- OPEC sources see demand growth at 2 mln bpd or less in 2023
- Producer group sees demand growth of 3.36 mln bpd in 2022
- High fuel prices, supply problems curb oil demand outlook
- IEA to release 2023 forecast on Wednesday, OPEC in July
LONDON, June 14 (Reuters) – World oil demand growth will slow in 2023, OPEC delegates and industry sources said, as surging crude and fuel prices help drive up inflation and act as a drag on the global economy.
Fuel use has rebounded from the 2020 pandemic-induced slump and is set to exceed 2019 levels this year even as prices hit record highs. But high prices have eaten into growth projections for 2022 and fed into expectations for slower growth in 2023.
The Organization of the Petroleum Exporting Countries is expected to publish its first forecast for 2023 demand in July. Its forecast, along with that of the Paris-based International Energy Agency, will be watched closely for pointers on how OPEC supply policy might develop.
An OPEC delegate and another source familiar with OPEC thinking said they expected world demand growth of 2 million barrels per day (bpd) or less in 2023, a rise of just 2%, compared with growth of 3.36 million bpd expected in 2022.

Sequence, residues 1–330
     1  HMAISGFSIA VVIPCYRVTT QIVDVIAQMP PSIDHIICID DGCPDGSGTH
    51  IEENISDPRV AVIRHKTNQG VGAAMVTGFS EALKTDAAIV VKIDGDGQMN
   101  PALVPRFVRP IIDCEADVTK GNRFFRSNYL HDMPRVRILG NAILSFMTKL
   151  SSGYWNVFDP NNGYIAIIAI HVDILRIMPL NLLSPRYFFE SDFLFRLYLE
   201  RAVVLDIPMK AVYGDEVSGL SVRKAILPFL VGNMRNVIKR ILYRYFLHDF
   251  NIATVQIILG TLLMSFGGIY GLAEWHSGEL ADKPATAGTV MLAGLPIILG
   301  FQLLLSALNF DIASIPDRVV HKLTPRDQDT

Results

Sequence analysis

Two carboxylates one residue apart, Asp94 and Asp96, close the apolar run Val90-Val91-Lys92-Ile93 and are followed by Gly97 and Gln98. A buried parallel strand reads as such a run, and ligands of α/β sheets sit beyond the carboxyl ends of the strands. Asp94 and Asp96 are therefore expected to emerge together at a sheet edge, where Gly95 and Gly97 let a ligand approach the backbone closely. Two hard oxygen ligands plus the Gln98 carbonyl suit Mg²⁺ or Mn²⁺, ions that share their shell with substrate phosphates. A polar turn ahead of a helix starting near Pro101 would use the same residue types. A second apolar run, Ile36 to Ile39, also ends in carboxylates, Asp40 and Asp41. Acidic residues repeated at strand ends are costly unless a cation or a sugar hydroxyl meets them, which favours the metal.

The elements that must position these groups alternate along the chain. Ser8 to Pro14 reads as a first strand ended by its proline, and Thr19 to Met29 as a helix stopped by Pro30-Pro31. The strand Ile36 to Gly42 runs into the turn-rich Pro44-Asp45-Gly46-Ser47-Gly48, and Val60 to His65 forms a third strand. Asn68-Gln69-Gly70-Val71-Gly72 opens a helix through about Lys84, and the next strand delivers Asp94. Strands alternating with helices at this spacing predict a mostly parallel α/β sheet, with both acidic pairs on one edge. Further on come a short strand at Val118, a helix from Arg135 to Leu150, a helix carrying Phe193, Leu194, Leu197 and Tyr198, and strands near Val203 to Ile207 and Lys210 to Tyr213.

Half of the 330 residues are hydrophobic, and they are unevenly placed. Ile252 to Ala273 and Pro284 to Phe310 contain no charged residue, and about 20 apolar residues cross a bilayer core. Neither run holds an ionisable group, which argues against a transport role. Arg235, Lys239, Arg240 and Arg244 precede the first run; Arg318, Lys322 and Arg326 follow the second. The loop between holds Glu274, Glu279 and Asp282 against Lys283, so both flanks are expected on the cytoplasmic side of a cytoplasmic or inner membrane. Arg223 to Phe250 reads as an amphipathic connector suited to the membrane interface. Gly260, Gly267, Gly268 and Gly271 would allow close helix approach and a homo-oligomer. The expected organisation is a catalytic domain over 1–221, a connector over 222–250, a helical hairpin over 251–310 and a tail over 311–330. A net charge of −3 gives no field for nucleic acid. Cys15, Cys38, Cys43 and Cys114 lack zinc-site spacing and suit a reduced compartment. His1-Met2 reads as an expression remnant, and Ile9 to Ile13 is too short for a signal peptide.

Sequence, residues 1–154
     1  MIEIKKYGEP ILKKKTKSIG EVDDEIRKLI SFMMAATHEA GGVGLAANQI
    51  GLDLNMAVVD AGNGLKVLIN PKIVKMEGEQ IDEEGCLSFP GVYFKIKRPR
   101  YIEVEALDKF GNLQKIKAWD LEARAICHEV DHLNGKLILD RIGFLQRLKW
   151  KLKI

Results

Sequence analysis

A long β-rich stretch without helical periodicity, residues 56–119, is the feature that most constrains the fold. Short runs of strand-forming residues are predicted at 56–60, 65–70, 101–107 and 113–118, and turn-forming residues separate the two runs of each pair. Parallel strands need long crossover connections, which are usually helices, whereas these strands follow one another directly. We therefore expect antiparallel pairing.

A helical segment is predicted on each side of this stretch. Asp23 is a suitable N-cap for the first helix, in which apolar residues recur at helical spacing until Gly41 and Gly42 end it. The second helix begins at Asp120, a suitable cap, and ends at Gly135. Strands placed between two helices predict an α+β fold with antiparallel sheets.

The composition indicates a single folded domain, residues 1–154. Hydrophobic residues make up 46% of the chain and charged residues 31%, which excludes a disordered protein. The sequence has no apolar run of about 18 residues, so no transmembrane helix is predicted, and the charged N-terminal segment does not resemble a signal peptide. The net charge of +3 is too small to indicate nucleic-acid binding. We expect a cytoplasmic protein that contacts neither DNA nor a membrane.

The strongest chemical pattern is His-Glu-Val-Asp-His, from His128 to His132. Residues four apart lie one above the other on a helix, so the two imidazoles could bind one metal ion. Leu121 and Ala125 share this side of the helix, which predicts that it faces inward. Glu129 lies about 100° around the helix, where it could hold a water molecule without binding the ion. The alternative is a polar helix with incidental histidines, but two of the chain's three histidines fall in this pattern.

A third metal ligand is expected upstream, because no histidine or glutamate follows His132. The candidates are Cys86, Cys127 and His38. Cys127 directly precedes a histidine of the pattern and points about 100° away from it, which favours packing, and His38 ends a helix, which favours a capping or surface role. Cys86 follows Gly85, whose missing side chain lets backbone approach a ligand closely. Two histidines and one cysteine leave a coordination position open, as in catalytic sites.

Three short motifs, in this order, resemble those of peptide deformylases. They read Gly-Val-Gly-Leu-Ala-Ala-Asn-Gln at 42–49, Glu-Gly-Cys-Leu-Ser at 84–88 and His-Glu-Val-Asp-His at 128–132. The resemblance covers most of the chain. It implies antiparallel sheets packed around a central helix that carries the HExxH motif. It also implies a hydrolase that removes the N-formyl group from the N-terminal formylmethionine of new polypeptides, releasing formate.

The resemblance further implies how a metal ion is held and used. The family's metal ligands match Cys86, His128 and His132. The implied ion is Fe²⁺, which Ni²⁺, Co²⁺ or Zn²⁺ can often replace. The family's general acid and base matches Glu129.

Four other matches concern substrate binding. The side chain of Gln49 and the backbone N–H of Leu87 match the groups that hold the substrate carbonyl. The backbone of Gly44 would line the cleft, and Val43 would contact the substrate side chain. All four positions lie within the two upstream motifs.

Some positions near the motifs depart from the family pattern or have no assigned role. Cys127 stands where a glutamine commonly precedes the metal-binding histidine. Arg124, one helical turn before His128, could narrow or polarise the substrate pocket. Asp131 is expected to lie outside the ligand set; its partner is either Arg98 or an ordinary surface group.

“Even if it is only 1 million bpd, that is still growth and not a peak,” the delegate said of the outlook for next year.
OPEC is expected to publish its first demand forecast for 2023 in its monthly report on July 12, an OPEC source said.
The IEA, which advises Western governments on energy policy, will give its first 2023 demand forecast in a monthly report on Wednesday, an IEA spokesperson said.
OPEC is watching for signs that high fuel prices will lead to oil demand destruction.
Two more OPEC delegates said demand destruction is likely to take a toll on oil use in coming months, although one of them said there was little sign of it yet in the United States, citing recent gasoline demand data.
A senior industry source at a trading firm, not affiliated to the IEA or OPEC, also said he expected lower demand growth in 2023, saying his initial estimates pointed to demand growing by 2 million bpd or less, down from 2.6 million bpd growth in 2022.
“Crude at $120 a barrel is causing demand destruction,” he said. “It is already happening.”
Oil demand forecasters often have to make sizeable revisions given changes in the economic outlook and geopolitical uncertainties, which this year included Russia’s invasion of Ukraine and recent Chinese coronavirus lockdowns.
OPEC originally forecast demand growth in 2022 of 3.28 million bpd, in its first forecast published in July 2021, later raising it up to more than 4 million bpd before cutting it to 3.36 million bpd.